On Wednesday in “A Trade War With China Will Plunge The World Into Recession – But This Idiot Doesn’t Care,” I talked a bit about Peter Navarro, the Harvard-educated economist/professor who, thanks in no small part to his documentary “Death By China” and book of the same name, has become Donald Trump’s muse on trade.
Navarro will head Trump’s National Trade Council and is widely expected to imbue the new President with a profound sense of urgency when it comes to making good on campaign promises regarding America’s relationship with China.
Not surprisingly, Trump seems blissfully unaware that Navarro is viewed by his peers as something of a hack. If the goal was to legitimize Trump’s crusade against Beijing, the new administration has failed miserably – at least in the eyes of the academic community.
Of course we shouldn’t expect Navarro’s reputation to matter. After all, we’re talking about a President-elect who appointed Steve Bannon chief strategist.
But the stakes here are high. Despite the black and white, zero sum world that Trump and Navarro imagine they live in, there will likely be no winners in a US/China trade war. But there will be losers, most notably the global economy which could well tip into recession should the new administration follow through on what is a truly Draconian set of economic proposals.
That doesn’t seem to have occurred to Trump (although it probably has to Navarro who would probably rather double down than admit to being the outspoken champion of a hopeless economic platform). It also doesn’t seem to have dawned on the incoming commander-in-chief that the US might well get the short end of the stick in a trade war with the Chinese. Consider the following from Bloomberg:
China would outlast the U.S. in a trade war, which is a “distinct possibility” next year after President-elect Donald Trump takes office, a commentator wrote in the $1 billion Pine River China Fund’s investor letter.
China’s government would be better placed than the U.S. to marshal state resources to cushion the impact on exporters, wrote James Wang, a City University of Hong Kong professor who pens a monthly commentary for the fund. Privately-owned Chinese exporters would be worse hit than state-controlled peers because they have less political clout in Beijing, he said.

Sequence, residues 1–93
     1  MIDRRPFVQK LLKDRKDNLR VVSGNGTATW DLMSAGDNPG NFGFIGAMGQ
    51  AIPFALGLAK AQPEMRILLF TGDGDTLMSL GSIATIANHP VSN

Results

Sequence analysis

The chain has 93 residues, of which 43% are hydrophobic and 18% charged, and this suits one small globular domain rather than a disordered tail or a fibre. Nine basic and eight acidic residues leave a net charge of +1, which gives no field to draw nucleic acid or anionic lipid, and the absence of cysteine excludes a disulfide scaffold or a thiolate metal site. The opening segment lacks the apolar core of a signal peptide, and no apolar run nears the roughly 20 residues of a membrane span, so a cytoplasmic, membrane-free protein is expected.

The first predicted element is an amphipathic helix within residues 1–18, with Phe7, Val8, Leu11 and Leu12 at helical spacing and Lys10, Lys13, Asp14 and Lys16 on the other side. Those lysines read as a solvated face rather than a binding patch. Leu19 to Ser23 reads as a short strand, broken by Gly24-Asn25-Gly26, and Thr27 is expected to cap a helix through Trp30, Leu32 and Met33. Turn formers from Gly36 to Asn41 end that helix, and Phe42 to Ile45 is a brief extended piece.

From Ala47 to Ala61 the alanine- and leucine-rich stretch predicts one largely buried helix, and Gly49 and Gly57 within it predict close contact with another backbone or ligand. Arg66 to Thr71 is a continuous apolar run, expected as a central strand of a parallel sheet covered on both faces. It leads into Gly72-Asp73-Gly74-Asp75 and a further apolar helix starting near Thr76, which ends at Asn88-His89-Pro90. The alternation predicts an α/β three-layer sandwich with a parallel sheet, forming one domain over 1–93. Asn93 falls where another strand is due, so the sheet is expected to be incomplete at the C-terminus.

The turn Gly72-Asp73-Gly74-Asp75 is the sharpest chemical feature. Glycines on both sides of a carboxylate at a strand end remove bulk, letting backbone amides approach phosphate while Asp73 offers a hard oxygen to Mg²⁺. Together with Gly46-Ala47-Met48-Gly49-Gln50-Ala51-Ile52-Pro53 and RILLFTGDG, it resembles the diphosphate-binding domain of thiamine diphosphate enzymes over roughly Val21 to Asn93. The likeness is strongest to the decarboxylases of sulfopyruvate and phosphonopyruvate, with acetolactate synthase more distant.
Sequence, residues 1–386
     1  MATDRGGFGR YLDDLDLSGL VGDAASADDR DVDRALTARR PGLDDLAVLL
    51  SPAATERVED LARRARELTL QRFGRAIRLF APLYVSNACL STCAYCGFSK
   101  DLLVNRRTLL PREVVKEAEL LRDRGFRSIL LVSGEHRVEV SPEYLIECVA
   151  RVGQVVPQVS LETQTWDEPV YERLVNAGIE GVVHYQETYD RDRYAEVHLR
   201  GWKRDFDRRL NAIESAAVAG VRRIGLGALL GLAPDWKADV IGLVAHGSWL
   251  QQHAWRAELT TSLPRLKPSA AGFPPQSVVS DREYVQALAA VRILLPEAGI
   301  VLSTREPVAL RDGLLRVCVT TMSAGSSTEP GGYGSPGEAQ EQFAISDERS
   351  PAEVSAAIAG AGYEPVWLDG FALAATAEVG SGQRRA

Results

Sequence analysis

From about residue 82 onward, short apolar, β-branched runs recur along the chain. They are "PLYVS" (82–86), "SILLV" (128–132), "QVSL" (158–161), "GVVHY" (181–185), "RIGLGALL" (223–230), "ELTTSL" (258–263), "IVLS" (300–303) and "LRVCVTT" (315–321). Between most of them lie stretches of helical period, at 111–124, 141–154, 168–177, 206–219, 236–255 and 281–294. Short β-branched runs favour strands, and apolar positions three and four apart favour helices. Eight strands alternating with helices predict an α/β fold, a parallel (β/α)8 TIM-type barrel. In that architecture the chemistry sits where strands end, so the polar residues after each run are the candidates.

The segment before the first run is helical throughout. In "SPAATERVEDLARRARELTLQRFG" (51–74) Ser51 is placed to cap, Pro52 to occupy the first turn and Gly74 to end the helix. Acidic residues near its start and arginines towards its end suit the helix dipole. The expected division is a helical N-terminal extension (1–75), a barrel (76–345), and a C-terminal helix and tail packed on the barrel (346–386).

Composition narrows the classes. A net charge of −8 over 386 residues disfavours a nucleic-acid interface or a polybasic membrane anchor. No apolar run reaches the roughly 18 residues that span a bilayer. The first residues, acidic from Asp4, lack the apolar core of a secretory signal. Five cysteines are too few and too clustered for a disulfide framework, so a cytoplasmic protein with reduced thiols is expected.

“By design, decision-makers in a democracy face difficulties coordinating a relief effort and must eventually face a political backlash from impacted domestic producers,” Wang wrote. “On this basis, the Chinese may have more runway to play the long game in a trade war.”
“The balance of power worldwide is much more diffuse compared to the early 20th century, and players like China and India have emerged to create new political centers of gravity,” Wang wrote. “However, as economic and political paralyses spread across the developed world, the most likely outcome is a trade war.”
Although Trump insists that his policies will benefit the US economy, a look at the linkages between American commerce and Chinese markets tell another story. Here are some useful bullet points from Citi that help to illustrate the pitfalls of a trade war:
- The US has been China’s largest export market for decades until recently with a share of 18% in 2015. However, US access to China’s markets has been improving steadily since China’s ascension to the WTO in 2001, and rising rapidly since the global financial crisis. US exports of goods to China rose from merely US$16bn in 2000 to US$116bn in 2015, while the Chinese market share of total US goods exports has seen a marked increase from just 2.2% to 7.7% over the same period.
- In particular, the US runs a large services trade surplus with China reflecting its comparative advantage. In 2000, China accounted for only 1.8% of total US services exports, but the number has increased fourfold to 6.0% in 2014. Out of the US trade surplus in services, China contributed to 12% in 2014, rising from only 2.6% in 2000 (Figure 23).
- After a period of rapid growth, US foreign direct investment into China appears to have peaked, and its share declined to 1.5% in 2015. However, the accumulated FDI in stock terms by US multinational companies remains one of the largest among OECD economies in China.
- The Chinese market has become progressively more important to US S&P 500 corporates. In 2015, the Chinese market accounted for about 2% of earnings, against only 1% of earnings made in the Japanese market.
- With China’s huge reserves, the US has also become the largest market for Chinese capital outflow. As of September 2016, China holds 18.8% of foreign UST holdings (against the total outstanding of US treasuries at US$15.4tn). China’s reluctance to own US treasuries would mean higher risk-free rate for the world, which would potentially affect the volatility if not the level of funding costs, in the US economy (Figure 24).
Note the bolded passage above. That suggests Beijing could ultimately use the sale of US paper as a geopolitical weapon with very real consequences for global rates.
Although China has said it has no intention of going that route, one wonders if a few brash moves or flippant outbursts from Trump might prompt the Politburo to change its mind…